Pachinko, by Min Jin Lee
This novel takes place over the 20th century, beginning even before Sunja’s birth in Busan and ending years after the death of Noa, Sunja's son. It could be described as a family saga, for we follow the paths of the lives of Noa and Mozasu (Sunja's other son), as well as the one of Sunja’s grandson, Solomon. It is also a novel of female suffering and a journey of how Sunja became a woman, where suffering lies at the core of her life.
At the end of the novel, Sunja visits both her late husband’s and her late son’s graves. She contemplates the journey that her life has taken, beginning with her encounter with Hansu, a wealthy Korean that would visit Busan and conduct an affair with Sunja. Hansu had exploited Sunja, doted on her and then abused her innocence in order to achieve his selfish desire of fathering a son. At first, it seemed successful: in Japan, he sponsored Noa’s studies in Waseda, after having encouraged his education. However, Noa then disappears after discovering the truth of his parentage. And, when he is found, he takes his own life. For Sunja, loss precedes any gains in her life: she loses hope for her future when Hansu reveals his marriage; she loses Busan and her mother when she marries Isak; she also loses Isak, first when he is imprisoned, then when he is released.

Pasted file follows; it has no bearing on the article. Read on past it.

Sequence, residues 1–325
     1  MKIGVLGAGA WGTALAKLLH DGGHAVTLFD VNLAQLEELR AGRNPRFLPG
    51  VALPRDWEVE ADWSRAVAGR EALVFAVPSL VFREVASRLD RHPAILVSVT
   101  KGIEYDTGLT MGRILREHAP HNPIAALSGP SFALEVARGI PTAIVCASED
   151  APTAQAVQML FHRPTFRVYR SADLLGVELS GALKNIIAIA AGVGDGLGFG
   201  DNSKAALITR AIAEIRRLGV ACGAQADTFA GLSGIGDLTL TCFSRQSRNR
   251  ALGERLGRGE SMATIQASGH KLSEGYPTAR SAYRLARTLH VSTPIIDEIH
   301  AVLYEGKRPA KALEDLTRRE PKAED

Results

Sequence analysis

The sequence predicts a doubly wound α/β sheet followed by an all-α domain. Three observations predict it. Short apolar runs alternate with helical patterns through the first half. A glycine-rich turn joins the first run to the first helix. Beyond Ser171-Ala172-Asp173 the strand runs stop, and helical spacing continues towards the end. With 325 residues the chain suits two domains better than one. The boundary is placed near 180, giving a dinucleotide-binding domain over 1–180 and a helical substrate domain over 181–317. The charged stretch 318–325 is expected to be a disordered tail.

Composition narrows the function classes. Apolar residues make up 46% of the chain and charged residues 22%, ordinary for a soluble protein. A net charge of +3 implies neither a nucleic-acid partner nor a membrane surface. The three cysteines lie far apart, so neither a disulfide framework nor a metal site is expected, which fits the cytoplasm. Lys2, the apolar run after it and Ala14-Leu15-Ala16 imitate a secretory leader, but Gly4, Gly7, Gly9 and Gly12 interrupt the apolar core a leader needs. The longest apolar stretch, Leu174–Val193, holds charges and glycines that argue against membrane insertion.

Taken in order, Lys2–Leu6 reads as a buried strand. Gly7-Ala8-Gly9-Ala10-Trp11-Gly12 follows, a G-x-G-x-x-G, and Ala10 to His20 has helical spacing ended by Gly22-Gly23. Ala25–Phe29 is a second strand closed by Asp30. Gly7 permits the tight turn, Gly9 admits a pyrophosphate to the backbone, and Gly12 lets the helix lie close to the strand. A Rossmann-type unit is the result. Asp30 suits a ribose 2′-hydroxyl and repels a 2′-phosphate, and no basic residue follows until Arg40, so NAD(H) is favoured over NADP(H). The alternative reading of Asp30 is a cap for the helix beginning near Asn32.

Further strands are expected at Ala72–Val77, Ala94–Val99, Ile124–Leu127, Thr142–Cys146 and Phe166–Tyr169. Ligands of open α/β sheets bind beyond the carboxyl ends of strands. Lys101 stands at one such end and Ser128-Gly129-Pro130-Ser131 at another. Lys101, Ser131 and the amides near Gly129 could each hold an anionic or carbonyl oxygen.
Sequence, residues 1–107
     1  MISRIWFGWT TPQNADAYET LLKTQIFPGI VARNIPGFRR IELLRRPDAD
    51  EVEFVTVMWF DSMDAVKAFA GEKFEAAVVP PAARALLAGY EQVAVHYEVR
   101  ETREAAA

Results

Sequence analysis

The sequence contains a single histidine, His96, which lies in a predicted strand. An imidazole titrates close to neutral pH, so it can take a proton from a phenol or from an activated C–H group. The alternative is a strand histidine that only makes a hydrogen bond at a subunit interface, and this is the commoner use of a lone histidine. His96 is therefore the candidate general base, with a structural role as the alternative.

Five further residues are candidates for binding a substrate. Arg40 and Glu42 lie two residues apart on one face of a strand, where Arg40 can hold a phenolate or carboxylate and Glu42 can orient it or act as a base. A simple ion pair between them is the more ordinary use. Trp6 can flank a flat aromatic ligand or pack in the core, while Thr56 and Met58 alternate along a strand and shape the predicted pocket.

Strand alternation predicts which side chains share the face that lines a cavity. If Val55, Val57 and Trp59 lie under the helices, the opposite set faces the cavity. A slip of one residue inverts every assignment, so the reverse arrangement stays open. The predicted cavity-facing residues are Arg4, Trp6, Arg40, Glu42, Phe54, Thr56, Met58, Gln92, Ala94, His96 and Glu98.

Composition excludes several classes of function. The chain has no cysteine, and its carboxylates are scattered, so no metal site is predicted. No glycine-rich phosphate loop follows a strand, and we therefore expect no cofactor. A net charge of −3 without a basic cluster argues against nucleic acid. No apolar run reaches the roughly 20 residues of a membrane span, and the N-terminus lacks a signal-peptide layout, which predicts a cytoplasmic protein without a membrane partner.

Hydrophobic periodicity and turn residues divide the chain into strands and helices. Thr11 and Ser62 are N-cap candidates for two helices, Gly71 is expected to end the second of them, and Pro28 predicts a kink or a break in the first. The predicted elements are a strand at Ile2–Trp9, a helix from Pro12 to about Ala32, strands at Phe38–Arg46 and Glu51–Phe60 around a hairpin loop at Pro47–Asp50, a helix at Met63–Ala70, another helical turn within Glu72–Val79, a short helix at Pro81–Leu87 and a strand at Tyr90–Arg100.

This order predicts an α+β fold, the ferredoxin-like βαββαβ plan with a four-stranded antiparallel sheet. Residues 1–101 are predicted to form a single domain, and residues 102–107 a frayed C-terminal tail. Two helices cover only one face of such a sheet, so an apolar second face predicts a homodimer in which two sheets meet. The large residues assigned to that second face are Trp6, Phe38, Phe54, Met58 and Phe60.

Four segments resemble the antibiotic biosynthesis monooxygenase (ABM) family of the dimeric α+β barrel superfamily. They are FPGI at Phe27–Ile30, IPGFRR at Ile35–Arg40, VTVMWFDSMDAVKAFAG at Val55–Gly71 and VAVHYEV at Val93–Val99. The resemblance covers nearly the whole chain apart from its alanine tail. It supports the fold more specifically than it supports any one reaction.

Though Sunja’s Japanese has deteriorated, she is able to communicate with the groundskeeper, who tells her that that he had known Noa. He reveals that Noa had visited Isak’s grave monthly prior to his death, and thus Sunja receives some consolation that, despite the sense of betrayal that Noa had felt at learning of his mother’s relationship with Hansu, Noa still perceived Isak as his father.
The cemetery is a place of loss and separation, where those who no longer live are kept only as memories and no longer as active participants in the lives of not only those who remember them, but also in society. It is in this place, out of time and spatially segregated from the rest of society, that Sunja seeks to gain insight over her past and the dreams of Hansu that continue to follow her: “What she was seeing again in her dreams was her youth, her beginning, and her wishes – so this was how she became a woman.” Is Sunja merely a collection of all her failed wishes?
Sunja moved from Yeongdo, a district of islands in today’s South Korea. It is to be assumed that the final resting-place of her body would be the same Japanese cemetery in which her husband and son had been buried, in a country that has turned her into a taint – as a Korean – in her family bloodline.